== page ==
A Position of the National Council of Teachers of Mathematics
Question: How can we address differentials in access to
high-quality teachers, instructional opportunities, and expectations in
All students should have the opportunity to receive
high-quality mathematics instruction, learn challenging grade-level content,
and receive the support necessary to be successful. Much of what has been
typically referred to as the “achievement gap” in mathematics is a function of
differential instructional opportunities. Differential access to high-quality
teachers, instructional opportunities to learn high-quality mathematics,
opportunities to learn grade-level mathematics content,
and high expectations for mathematics achievement are the main
contributors to differential learning outcomes among individuals and groups of
Opportunity to learn remains one
of the best predictors of student learning (NRC, 2001). Differentials in
learning outcomes therefore are not a result of inclusion in any demographic
group, but rather are significantly a function of disparities in opportunities that
different groups of learners have with respect to access to grade-level (or more
advanced) curriculum, teacher expectations for students and beliefs about their
potential for success, exposure to effective or culturally relevant
instructional strategies, and the instructional supports provided for students
education is not just for those who want to study mathematics and science in
college—it is required for many postsecondary education programs and careers
(Achieve, 2005; ACT, 2006; National Science Board, 2008). Too many students—especially
those who are poor, nonnative speakers of English, disabled, or members of
racial or ethnic minority groups—are victims of low expectations for
achievement in mathematics. For example, traditional tracking practices have
consistently disadvantaged groups of students by relegating them to low-level
mathematics classes, where they repeat work with computational procedures year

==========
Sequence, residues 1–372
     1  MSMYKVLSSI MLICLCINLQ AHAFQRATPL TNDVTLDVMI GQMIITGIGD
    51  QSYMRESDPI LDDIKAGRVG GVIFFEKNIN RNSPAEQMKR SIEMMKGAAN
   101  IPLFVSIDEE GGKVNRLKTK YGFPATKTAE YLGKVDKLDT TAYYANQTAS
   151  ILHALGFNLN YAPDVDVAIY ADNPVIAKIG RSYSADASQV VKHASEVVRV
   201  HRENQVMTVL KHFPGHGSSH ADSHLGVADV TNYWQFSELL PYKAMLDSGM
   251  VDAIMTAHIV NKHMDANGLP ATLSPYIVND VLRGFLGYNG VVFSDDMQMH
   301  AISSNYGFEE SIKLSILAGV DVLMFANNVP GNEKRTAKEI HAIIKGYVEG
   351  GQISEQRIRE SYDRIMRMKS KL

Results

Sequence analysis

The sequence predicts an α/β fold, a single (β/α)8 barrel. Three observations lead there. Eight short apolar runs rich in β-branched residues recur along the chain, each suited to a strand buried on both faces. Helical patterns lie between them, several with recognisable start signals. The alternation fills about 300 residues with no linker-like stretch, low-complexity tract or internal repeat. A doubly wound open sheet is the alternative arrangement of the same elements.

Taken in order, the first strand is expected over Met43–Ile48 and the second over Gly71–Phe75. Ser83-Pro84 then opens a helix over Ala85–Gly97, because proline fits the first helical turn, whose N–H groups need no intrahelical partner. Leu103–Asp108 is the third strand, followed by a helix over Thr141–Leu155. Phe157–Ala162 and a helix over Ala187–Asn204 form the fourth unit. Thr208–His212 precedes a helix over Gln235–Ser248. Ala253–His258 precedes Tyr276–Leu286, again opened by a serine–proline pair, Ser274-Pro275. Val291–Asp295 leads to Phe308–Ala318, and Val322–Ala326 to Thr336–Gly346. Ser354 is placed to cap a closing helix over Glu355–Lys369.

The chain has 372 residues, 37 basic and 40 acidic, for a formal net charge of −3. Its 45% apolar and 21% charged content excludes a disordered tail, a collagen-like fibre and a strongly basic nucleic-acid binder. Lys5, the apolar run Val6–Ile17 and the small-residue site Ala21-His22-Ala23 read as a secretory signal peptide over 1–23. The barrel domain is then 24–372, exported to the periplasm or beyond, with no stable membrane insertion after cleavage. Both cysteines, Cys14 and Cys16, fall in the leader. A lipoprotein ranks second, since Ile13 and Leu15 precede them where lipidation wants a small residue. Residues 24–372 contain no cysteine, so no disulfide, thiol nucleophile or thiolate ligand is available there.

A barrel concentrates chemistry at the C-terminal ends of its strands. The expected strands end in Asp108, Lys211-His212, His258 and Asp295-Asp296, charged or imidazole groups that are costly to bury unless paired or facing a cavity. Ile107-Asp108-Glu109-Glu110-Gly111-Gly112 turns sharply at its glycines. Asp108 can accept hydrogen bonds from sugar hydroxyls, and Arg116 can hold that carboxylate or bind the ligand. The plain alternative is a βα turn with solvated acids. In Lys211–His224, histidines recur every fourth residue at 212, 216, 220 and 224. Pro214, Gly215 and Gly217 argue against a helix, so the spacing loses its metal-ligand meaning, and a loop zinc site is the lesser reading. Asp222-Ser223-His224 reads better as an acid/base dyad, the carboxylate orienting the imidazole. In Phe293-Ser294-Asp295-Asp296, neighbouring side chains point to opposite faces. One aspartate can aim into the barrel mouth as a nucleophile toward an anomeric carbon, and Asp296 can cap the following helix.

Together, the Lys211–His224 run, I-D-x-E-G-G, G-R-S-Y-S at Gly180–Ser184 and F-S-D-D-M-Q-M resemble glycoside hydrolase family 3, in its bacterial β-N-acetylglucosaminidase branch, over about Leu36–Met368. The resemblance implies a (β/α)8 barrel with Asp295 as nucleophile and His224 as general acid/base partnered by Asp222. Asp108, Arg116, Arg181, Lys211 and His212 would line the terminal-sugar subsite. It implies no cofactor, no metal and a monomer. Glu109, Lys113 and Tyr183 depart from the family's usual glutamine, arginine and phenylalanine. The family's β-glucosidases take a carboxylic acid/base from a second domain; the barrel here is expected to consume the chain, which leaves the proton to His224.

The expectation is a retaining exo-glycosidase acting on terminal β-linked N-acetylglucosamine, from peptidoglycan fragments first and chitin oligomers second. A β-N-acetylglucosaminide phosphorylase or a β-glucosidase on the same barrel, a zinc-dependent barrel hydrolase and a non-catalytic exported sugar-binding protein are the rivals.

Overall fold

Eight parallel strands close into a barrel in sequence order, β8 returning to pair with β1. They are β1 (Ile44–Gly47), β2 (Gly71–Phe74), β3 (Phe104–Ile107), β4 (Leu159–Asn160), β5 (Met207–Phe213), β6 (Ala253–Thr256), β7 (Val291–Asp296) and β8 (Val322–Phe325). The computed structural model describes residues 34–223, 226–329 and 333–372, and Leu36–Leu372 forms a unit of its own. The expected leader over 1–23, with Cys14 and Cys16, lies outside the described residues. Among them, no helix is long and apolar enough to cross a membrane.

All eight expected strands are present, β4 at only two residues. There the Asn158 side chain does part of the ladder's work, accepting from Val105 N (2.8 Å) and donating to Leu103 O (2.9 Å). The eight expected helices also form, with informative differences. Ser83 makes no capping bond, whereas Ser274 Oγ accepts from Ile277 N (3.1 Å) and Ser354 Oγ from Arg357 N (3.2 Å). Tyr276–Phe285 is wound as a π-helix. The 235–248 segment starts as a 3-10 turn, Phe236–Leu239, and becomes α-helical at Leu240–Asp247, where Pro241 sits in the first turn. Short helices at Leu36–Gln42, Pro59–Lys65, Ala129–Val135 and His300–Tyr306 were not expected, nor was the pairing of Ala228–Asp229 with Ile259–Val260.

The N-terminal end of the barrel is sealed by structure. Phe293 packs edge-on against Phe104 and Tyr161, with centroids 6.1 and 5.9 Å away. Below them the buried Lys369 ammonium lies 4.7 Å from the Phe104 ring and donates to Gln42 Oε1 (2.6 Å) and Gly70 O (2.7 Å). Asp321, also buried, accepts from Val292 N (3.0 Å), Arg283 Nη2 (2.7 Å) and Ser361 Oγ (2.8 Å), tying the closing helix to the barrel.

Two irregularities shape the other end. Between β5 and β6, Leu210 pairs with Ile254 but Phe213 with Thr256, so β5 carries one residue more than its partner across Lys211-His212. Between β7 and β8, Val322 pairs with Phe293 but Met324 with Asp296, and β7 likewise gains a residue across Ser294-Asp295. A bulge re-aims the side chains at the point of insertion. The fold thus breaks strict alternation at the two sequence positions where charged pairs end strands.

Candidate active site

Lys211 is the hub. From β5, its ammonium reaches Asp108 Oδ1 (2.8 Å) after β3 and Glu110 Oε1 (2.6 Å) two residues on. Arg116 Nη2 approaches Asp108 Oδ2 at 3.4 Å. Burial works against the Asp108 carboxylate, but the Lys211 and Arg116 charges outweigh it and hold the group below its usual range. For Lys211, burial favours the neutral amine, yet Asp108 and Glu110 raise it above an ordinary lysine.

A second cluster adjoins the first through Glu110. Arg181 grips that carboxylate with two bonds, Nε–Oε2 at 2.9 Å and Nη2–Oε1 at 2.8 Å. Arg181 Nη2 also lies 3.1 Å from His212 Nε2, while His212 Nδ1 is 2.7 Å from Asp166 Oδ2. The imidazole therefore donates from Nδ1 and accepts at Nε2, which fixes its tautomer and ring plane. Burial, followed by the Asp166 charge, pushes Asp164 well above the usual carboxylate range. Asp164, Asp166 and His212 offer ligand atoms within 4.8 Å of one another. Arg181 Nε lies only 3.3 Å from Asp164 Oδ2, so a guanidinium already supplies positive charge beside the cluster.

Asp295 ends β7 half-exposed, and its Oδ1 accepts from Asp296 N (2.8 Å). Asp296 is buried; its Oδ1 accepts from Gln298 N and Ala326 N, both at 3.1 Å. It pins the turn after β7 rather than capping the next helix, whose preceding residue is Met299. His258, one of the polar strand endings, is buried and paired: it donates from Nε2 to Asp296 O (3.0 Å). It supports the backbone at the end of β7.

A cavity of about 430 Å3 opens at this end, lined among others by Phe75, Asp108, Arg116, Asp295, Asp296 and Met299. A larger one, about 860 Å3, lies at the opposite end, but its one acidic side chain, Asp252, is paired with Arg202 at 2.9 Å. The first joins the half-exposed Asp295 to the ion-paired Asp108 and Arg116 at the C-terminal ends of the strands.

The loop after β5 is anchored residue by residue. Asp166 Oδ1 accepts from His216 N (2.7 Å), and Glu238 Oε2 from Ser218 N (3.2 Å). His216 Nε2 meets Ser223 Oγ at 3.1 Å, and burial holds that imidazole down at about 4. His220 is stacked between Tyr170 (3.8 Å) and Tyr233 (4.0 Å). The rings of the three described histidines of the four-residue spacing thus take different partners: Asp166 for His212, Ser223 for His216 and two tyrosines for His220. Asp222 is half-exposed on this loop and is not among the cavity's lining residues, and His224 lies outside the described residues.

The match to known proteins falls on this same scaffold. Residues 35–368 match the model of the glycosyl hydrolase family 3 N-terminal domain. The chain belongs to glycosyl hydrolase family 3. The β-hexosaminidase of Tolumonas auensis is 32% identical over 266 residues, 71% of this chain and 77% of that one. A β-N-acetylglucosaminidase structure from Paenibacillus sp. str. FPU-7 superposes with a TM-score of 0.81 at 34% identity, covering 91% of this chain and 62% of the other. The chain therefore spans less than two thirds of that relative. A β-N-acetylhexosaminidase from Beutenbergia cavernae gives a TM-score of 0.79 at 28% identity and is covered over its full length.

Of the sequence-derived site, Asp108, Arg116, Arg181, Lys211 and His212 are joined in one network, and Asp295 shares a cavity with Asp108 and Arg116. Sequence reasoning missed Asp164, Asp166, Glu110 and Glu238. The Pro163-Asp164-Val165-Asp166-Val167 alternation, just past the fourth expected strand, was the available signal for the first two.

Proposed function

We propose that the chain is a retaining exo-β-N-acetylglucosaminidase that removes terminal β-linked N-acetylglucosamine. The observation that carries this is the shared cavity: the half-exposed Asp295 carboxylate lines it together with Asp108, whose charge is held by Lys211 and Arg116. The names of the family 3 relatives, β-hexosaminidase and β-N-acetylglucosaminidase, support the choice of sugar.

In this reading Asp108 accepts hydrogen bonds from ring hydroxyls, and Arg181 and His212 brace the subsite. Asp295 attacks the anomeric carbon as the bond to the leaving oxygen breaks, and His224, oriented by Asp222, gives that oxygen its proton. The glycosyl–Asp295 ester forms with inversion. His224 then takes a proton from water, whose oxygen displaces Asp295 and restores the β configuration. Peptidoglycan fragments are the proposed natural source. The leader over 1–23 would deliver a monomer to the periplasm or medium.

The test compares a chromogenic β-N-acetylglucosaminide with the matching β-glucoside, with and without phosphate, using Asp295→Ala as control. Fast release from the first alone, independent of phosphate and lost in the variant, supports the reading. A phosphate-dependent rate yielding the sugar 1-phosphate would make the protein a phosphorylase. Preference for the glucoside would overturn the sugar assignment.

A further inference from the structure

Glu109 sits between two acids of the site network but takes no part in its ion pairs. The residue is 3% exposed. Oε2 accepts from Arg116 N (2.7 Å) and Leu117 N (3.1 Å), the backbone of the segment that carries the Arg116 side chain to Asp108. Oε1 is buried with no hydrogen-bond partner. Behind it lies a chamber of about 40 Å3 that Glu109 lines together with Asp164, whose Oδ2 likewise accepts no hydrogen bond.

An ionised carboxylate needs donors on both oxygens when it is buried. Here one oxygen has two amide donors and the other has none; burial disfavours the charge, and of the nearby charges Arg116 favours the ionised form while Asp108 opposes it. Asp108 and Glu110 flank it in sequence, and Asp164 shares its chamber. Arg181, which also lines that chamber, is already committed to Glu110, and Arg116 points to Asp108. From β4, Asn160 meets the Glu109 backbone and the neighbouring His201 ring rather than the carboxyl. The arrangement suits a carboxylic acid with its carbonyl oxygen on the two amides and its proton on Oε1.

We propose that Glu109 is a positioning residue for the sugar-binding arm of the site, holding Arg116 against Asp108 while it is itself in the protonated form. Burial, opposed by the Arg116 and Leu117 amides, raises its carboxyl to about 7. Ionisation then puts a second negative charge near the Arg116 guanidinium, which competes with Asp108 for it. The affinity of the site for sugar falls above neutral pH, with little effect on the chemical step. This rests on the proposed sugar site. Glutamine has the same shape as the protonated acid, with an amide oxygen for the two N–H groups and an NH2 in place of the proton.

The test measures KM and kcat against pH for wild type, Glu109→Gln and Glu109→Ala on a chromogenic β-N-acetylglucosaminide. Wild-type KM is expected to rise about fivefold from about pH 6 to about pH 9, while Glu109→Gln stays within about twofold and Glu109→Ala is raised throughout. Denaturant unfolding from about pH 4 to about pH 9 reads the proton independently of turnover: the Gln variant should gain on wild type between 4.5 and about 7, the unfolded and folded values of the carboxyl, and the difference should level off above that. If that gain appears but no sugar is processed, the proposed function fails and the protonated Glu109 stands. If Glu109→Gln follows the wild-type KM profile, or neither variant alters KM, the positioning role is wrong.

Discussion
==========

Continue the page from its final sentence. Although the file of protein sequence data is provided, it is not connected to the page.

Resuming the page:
after year, fall further and further behind their peers in grade-level courses,
and are not exposed to significant mathematical substance or the types of cognitively
demanding tasks that lead to higher achievement (Boaler, Wiliam, & Brown,
2000; Schmidt, Cogan, Houang, & McKnight, 2011; Stiff, Johnson, & Akos,
2011; Tate & Rousseau, 2002).
Wide variation in performance
among U.S. schools serving similar students indicates that existing learning
differentials can be closed and that demographic factors are not destiny when
students receive high-quality instruction and the necessary support to learn
grade-level content (McKinsey & Company, 2009). The National Council of
Teachers of Mathematics outlines a vision for high-quality mathematics
instruction in Principles and Standards
for School Mathematics (NCTM 2000) and Mathematics
Teaching Today: Improving Practice, Improving Student Learning (NCTM 2007).
Research indicates that all students can learn mathematics when they have
access to high-quality mathematics instruction and are given sufficient time
and support to master a challenging curriculum (Burris, Heubert, & Levin,
2006; Campbell, 1995; Education Trust, 2005; Griffin, Case, & Siegler,
1994; Knapp et al., 1995; Silver & Stein, 1996; Slavin & Lake, 2008;
Usiskin, 2007). “Equity does not mean that every student should receive
identical instruction; instead, it demands that reasonable and appropriate
accommodations be made as needed to promote access and attainment for all
students” (NCTM 2000, p. 12).
Rising to the challenge: Are high school graduates
prepared for college and work? Washington, DC: Author.
ACT. (2006). Ready for college or ready for work: Same or
different? Iowa City, IA: American College Testing Service.